She sat still in her car, silent and in shock after witnessing the burial of her best friend. She remembered the white morning glory flowers on the grave, and she remembered how on her way home, a field blossomed in white, reminding the now poet, Victoria Prescott, that her friend was still with her. That moment was Prescott’s call to poetry.
Local poet Prescott performed Wednesday at a poetry slam hosted by Spitshine, an organization that provides safe spaces for students on campus. Prescott performed her poems “gold” and “home” which focused on embracing her identity and her Arab heritage.
“I started writing poetry a few years ago since I had a lot of trauma, especially after my best friend in high school passed away,” Prescott said. “I also was moving into a time where I didn’t know what being Lebanese or Syrian meant because I’m very white passing. I lived in a neighborhood that was super diverse, but there were not many Arab people so I was attempting to process all of that.”
Prescott said she advises students to jump into their aspirations as a poet because it can help them learn to appreciate their writing.
“Just write it and do it,” Prescott said. “The quicker you jump in there, the faster you’ll like something you write.”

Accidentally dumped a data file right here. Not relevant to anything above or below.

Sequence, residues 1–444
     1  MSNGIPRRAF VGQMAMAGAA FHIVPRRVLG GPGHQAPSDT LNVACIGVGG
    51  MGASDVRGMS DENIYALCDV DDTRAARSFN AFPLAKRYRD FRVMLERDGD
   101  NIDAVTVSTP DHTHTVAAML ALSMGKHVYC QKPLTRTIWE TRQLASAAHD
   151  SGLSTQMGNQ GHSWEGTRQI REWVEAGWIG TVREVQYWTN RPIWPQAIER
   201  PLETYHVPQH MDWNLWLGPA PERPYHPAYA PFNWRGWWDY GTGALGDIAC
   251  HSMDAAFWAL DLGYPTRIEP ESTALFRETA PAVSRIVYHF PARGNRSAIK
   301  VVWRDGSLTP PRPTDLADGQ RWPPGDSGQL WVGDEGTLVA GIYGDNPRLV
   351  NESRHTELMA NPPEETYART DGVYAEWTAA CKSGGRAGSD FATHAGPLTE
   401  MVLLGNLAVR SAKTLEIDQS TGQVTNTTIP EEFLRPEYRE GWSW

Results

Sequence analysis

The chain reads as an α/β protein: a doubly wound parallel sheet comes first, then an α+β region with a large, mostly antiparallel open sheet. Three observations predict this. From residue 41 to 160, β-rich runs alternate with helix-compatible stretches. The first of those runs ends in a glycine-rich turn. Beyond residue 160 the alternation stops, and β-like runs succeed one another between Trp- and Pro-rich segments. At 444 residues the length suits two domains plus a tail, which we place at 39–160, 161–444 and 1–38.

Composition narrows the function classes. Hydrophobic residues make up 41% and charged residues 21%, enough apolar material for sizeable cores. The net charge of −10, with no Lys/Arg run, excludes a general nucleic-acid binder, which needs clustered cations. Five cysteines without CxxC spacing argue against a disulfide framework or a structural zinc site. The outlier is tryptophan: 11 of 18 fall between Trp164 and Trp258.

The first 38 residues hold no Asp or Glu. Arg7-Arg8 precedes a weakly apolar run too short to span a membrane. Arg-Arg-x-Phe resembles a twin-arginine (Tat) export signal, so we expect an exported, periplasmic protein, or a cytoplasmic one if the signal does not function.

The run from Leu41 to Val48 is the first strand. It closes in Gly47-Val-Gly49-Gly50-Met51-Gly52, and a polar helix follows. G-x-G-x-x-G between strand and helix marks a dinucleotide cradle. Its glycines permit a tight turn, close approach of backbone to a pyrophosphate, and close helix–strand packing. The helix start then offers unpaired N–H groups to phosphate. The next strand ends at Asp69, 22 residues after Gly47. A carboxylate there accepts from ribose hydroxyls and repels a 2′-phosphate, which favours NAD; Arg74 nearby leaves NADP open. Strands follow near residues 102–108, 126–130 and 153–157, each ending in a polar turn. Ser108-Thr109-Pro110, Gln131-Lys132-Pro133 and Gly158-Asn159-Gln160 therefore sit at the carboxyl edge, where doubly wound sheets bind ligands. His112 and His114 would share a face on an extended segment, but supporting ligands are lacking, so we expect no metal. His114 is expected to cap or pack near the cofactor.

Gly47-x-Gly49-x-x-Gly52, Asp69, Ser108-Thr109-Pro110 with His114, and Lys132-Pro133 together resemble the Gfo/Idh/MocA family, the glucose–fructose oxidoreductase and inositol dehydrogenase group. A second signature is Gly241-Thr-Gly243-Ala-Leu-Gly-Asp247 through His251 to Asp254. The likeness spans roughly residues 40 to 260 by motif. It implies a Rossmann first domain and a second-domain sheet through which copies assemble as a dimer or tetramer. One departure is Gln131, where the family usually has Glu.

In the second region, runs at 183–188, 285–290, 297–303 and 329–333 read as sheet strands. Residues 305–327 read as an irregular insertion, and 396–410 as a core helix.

Mah-ro Khan, Spitshine co-president and biology junior said it’s interesting to see the work of other poets and how they’re able to reveal different sides of themselves.
“Victoria is of Lebanese heritage and she writes about that a lot, a common theme in her work,” Khan said. “Right now we’ve really been focusing on community and being a safe space just because of recent situations.”
Jasmine Bell, Spitshine co-president and psychology senior, said Spitshine hopes to develop a safe space for students to talk about themselves through poetry and enable rising poets to develop their work.
“We want our community of poets to center around marginalized voices,” Bell said. “To anyone who’s racist, sexist, homophobic, transphobic etcetera, they need to not. Just be quiet because this isn’t the place.”
Prescott said community is very important when it comes to poetry.
“There’s no poetry without community,” Prescott said. “I think if you have someone to share that struggle with, that process with, that growing with, community grows even stronger.”